BWW Reviews: Penderecki 'Concerto Grosso for Three Cellos' Makes Philharmonic Debut
The brilliant Polish composer Krzysztof Penderecki seems to be enjoying something of a renaissance - especially in New York this month! His works were performed in at least three concert halls over the last month and the composer himself made appearances at several of the performances. While hardly a household name, Penderecki has emassed a sizable fan base (if the packed house of rabid fans at Avery Fisher Hall was any indicator). Ever since his "Threnody for the Victims of Hiroshima" hit the scene in 1961, he had the new music crowd's attention. And he always delivered the goods - loud, noisy, bombastic, iconoclastic explosions of sound that often hinted at form but never long enough to be noticeable. It would be practically impossible to try to describe Penderecki's music in mere words.
Last week the New York Philharmonic delivered its premier performance of Penderecki's 2000 opus, The Concerto Grosso for Three Cellos, with no less than the legendary Charles Dutoit at the podium.
The Concerto Grosso for Three Cellos is densely layered at times and shockingly austere at others, with a multitude of short solos on a variety of instruments supporting the principle soloists of the piece - the cellists. And what cellists! Alternately playing alone, in pairs and in trio, the evening's three soloist were nothing short of remarkable. Each played with stunning virtuosity, but what was much more interesting was the amount of personal style and individual expressiveness that each brought to their playing. There was never any mistaking when Alisa Weilerstein, or Daniel Müller-Schott or Philharmonic Principle Cellist Carter Brey were playing, such was their individual expressiveness. The three dove fearlessly into the hard, harsh and at times, horrifying music. Mister Daniel Müller-Schott impressively performed the entire piece without so much as glancing at the score. The passion of the interplay between the soloists seemed to create an electrifying mini-show within the show.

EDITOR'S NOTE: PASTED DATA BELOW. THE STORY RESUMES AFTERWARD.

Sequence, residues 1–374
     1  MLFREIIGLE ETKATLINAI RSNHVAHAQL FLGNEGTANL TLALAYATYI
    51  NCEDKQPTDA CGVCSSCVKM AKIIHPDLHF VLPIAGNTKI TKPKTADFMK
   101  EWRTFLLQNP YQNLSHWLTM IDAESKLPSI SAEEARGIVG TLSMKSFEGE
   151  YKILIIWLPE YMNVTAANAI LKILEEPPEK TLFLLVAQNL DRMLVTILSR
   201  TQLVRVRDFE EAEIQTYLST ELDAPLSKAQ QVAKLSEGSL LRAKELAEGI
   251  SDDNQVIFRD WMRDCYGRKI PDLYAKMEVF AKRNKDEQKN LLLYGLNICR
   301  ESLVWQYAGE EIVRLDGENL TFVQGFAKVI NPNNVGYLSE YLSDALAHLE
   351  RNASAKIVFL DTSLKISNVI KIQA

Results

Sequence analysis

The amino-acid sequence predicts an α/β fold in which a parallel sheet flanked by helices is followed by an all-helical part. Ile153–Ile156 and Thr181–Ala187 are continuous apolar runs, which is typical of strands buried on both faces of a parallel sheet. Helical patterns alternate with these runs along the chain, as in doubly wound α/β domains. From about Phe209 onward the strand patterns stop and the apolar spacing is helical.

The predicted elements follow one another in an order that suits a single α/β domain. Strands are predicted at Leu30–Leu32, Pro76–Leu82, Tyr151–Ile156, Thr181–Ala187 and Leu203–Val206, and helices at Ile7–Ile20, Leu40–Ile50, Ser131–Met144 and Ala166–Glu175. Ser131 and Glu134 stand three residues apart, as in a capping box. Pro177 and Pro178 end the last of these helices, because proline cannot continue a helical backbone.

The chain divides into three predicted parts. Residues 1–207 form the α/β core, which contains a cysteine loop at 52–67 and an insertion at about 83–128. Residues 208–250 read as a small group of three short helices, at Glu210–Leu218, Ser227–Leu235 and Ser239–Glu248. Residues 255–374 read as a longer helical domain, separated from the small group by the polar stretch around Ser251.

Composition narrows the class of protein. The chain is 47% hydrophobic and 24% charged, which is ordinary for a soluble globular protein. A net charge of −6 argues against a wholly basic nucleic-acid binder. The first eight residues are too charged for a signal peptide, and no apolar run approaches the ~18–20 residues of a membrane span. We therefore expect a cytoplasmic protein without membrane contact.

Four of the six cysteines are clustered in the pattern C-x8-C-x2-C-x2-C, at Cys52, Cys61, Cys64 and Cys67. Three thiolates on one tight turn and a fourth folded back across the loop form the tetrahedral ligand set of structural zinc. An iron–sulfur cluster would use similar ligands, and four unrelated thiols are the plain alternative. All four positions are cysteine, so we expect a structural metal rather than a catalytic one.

The piece itself runs just over a half hour in length and is divided into six movements played without any breaks. It has moments of astonishingly beautiful, interweaving of melodic lines and moments that border on complete cacophony. It was never boring, but not always exciting either. The intermittent solos and duets never seemed to move or build to anything, rather they seems like casual conversation between cellos (perhaps that was the composer's aim) and ultimately the listener is left feeling that they have heard and observed something incredible, but not necessarily something that they particularly enjoyed.